Leave the World Behind : By – Rumaan Alam ( Novel Review and Podcast)
By – Rumaan Alam
Leave the world behind terrified me. Not like a horror novel or a supernatural novel. It terrified me since it took the characters from a calm ordinary life to a completely changed life yet they didn’t have the foggiest idea what had caused the change and what was happening on the planet.
Leave the world behind is a superb novel about the apocalypse. For me probably the weird time to read a novel about the apocalypse or say the end of the world. In Manhattan nearly however not-exactly power couple leases a lavish home close to the Hamptons for their vacation. On the third day, late night, an old Black couple appears at the house, professing to be its proprietors, claiming that something has occurred in the city. Is the world ending?
The story in Leave the world behind is about how human civilization falls away, and it starts with a careful accounting of a standard family in its last minutes: the teenaged kids spellbound by their telephones “like a bulbous flute mesmerizes a cobra”, the mother doing a staple run, with an exceptionally point by point rundown of each and every thing she purchased (riveting on the grounds that you by one way or another realize you are watching the last demonstrations of an old world, so everything matters), a (last, however they don’t have any acquaintance with it) day at the beach. All is great. But, IS everything fine? Covered in the sentences, references to a worldwide temperature alteration, flighty financial exchanges, disturbed democracy, a warning that it was NOT all fine, they were simply pretending it was, until they couldn’t pretend any more.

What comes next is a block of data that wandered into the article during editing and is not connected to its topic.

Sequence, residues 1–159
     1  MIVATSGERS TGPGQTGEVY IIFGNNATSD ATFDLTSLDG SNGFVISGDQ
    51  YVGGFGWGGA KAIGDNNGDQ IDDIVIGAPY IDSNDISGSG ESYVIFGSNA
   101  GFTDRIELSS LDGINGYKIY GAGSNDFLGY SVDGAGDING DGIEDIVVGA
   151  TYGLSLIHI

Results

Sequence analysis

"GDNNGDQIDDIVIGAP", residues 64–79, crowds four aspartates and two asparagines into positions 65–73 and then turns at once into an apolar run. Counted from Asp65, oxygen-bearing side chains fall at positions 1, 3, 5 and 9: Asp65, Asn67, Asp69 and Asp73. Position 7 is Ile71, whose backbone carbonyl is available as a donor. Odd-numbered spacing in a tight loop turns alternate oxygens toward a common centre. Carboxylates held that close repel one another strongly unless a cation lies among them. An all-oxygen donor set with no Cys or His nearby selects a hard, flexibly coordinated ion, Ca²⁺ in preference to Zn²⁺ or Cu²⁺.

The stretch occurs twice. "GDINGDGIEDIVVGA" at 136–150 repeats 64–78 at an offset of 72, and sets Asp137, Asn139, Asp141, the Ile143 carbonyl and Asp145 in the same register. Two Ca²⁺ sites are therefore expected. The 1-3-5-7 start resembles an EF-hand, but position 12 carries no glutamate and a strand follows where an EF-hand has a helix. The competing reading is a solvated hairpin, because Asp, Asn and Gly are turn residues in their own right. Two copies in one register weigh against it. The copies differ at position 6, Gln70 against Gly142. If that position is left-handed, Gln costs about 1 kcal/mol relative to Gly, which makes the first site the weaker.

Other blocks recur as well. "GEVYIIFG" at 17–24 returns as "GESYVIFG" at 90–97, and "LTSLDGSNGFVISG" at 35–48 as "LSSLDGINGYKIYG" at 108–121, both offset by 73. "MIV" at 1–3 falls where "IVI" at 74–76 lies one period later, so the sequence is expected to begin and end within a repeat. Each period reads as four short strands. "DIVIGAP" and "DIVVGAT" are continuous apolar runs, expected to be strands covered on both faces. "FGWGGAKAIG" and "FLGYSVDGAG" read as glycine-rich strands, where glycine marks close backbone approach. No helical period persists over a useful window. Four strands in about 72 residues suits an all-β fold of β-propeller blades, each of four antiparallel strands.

It is splendidly written. I read it in under a day – simple, because it’s short. It reads like a super-abstract adaptation of the initial 75 pages of the Stand, time directly as the infection starts. The all-knowing portrayal is an expert class; the characters are totally in the dark about what’s going on, yet the storyteller drops in little references to what exactly is happening to people in a lift, under a passage, in their fifteenth floor lofts in Manhattan.
Close to the end of the novel, which doesn’t peak to such an extent as it simply kind of winds down (like life itself), there were alarms outside my house, and my dog was scratching herself, and it was all somewhat excessively strange and insane and odd. Anyway. Is the world ending? Would you like to understand what it will feel like, on the off chance that you do? read Leave the world behind.